We’ve been running into reliability issues on our main web hosting provider lately. They seem to have square thumbs and have had major data centre power issues over the last couple of months. Last time they touched our server it was to put in an extra backup drive. Managed to knock us offline for hours, despite our paying an extra $100/month for off site storage. The offsite storage totally inexplicably has the same limit for upload speed as we do from our own offices. I would have thought that our dedicated server host would have the foresight to have a fat pipe open to their offsite backup in order to be able to put clients back online faster.
I was happy that we’d already put in an automated backup routine to our own office. We have the bandwidth available for dailies and use it.
coding horror backup horror
Unlike our hosting provider, who is attempting to squirrel out of their SLA agreements, we gave 100% refunds for hosting in January as when Foliovision promises reliable service, we provide it.
Imagine my shock when exploring further backup options for servers, I learned that Jeff Atwood, author of Coding Horror and founder of Stackoverflow lost his entire Coding Horror archives one year ago:
looks like 100% data loss. thanks.. crystaltech.. :(
you sort of assume your hosting company is competent. That’s not a safe assumption in my experience
looks like it’s 100% internet search caches for recovery. Any tips on recovering images, which typically aren’t cached?
What happened is that Magwood was hosting with a relatively reliable host and they failed to do backups. And so did he. Here’s the tip and trick to data safety.
- Start with a reliable host.
- Use their backup system.
- Test their backup system.
- Backup to local.
- Test your backups
That means unpacking them and putting them back on the server. You have to be able to do this like a firedrill as when you need to do it, it won’t be a drill it will be a fire.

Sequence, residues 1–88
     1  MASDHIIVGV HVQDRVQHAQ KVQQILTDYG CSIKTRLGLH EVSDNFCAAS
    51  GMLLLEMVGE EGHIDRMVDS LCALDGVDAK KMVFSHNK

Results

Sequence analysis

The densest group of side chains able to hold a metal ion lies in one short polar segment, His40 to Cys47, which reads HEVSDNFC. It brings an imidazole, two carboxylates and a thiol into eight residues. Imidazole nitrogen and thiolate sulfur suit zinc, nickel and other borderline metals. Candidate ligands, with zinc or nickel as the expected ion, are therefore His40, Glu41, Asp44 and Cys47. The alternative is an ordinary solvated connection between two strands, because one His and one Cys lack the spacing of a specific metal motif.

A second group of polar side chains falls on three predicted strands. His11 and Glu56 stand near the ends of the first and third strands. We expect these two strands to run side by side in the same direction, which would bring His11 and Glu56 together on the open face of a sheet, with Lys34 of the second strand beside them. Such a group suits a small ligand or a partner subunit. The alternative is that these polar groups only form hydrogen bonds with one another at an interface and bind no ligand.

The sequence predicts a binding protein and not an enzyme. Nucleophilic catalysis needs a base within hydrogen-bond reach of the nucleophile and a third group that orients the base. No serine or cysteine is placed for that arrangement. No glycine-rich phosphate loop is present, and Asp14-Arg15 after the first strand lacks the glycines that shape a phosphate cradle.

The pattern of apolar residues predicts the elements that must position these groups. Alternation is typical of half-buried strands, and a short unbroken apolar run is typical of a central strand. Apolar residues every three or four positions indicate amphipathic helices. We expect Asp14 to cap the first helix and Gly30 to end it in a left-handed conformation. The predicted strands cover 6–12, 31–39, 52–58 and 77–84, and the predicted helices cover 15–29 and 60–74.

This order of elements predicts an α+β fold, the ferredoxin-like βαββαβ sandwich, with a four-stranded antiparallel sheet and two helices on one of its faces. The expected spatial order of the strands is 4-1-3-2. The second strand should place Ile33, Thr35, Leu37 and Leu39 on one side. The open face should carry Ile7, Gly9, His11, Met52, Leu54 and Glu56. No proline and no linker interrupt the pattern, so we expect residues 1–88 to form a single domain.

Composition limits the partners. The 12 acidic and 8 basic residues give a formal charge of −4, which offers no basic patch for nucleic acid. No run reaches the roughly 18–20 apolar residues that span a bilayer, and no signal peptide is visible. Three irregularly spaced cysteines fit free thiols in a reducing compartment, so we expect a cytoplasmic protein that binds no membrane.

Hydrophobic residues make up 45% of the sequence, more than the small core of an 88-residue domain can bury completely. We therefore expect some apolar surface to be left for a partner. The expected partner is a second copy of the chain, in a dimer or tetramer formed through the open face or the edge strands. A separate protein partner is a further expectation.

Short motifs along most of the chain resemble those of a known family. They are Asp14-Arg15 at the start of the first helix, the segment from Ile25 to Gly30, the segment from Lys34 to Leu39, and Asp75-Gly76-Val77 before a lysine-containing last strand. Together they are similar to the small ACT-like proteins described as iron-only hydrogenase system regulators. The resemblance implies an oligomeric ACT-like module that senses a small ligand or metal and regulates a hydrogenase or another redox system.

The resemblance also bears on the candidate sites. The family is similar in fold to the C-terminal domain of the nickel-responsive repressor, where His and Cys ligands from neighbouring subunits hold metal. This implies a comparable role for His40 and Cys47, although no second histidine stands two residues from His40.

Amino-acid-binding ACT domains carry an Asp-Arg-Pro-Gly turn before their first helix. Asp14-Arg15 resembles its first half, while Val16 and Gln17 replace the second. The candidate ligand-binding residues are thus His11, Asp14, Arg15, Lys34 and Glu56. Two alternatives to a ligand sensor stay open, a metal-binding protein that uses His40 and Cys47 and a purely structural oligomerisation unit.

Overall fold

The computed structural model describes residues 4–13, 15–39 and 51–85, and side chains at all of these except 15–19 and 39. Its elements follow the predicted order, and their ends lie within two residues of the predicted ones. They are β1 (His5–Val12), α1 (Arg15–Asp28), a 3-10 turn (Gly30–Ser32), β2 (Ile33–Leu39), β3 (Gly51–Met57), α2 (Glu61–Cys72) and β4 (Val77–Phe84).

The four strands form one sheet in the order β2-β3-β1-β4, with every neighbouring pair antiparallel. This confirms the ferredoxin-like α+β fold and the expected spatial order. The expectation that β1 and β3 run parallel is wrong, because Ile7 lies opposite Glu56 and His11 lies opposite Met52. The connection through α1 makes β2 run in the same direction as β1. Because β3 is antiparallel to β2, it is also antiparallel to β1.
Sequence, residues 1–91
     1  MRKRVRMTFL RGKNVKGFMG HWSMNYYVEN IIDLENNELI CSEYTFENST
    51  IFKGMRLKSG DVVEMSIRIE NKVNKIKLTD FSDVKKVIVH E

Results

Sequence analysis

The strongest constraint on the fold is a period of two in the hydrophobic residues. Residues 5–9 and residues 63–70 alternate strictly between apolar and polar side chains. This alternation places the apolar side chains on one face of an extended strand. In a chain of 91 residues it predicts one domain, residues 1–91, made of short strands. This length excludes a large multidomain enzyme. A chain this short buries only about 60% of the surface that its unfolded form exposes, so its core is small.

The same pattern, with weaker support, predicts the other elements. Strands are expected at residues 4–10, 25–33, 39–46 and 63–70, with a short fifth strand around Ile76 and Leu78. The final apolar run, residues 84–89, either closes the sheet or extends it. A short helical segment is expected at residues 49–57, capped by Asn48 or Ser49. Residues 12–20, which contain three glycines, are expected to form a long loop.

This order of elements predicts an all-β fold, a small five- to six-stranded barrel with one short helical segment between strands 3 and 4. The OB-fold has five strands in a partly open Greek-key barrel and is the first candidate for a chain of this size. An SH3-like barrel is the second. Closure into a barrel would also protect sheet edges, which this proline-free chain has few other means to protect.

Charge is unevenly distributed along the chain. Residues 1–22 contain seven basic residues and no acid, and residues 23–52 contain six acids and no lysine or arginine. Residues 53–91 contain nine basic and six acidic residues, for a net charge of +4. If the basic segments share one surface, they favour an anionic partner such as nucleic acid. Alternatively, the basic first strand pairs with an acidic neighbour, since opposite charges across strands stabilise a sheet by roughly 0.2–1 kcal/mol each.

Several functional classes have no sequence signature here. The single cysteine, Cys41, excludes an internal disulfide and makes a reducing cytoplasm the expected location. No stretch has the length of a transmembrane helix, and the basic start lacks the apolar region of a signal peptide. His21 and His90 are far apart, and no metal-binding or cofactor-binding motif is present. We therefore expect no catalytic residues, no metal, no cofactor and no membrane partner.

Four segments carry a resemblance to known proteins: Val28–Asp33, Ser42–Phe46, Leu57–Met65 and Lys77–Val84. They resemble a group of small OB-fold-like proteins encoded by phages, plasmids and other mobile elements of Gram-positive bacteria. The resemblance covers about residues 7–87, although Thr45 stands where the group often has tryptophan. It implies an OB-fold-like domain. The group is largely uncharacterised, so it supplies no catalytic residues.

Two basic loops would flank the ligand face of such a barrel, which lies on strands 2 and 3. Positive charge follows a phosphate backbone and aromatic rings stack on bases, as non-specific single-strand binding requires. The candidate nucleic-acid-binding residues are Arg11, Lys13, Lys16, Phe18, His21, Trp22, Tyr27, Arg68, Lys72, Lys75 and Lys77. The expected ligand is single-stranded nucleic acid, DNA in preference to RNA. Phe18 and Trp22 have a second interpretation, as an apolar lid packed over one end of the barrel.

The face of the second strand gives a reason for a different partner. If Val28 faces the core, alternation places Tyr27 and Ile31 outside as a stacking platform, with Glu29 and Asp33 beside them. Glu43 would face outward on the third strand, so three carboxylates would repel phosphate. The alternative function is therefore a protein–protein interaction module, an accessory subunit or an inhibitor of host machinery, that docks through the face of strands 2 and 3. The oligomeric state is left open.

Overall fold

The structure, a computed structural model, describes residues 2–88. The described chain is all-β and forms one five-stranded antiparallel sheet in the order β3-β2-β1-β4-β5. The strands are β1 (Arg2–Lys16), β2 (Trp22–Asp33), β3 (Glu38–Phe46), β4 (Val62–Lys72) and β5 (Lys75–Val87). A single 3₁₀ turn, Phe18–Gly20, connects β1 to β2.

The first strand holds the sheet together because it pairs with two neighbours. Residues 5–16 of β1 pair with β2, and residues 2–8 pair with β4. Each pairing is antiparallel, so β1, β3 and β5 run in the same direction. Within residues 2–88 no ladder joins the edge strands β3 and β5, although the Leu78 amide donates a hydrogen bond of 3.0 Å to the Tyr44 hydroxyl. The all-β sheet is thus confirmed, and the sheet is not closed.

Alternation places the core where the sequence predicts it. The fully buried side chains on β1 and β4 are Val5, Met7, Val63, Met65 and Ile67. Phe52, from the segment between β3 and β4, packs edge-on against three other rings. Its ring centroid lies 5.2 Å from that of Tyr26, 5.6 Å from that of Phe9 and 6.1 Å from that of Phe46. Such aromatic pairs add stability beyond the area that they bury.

In this case, learning under pressure is not what you want to be doing.
How many iterations of your local backups you keep is up to you. Every once in a while they should go into offsite storage as well locally.
The internet is ephemeral. Your client’s data better not be.
cPanel has backups built-in but only to a single destination. If you want to back up to multiple destinations you’ll need to run a cron job outside of cPanel.
Now looking into additional backup systems like rdiff and DNS failover
Now if we could only find a brilliant Canadian nginx literate host in the meantime.
How we download our Cpanel backups on Mac
We programmed our own PHP scripts running on our office computers (since the PHP is running on our own computers, PHP memory limit and PHP execution time limit is not an issue) with MAMP Apache server to get the backups safely in our office. We didn’t liked the existing automated FTP tools for this purpose very much.
To schedule these backup routines weekly, we are using Lingeon. The PHP script also sends us an email if any of the backups fails. I that case we just download the backup files with Forklift.
Alec has been helping businesses succeed online since 2000. Alec is an SEM expert with a background in advertising, as a former Head of Television for Grey Moscow and Senior Television Producer for Bates, Saatchi and Saatchi Russia.
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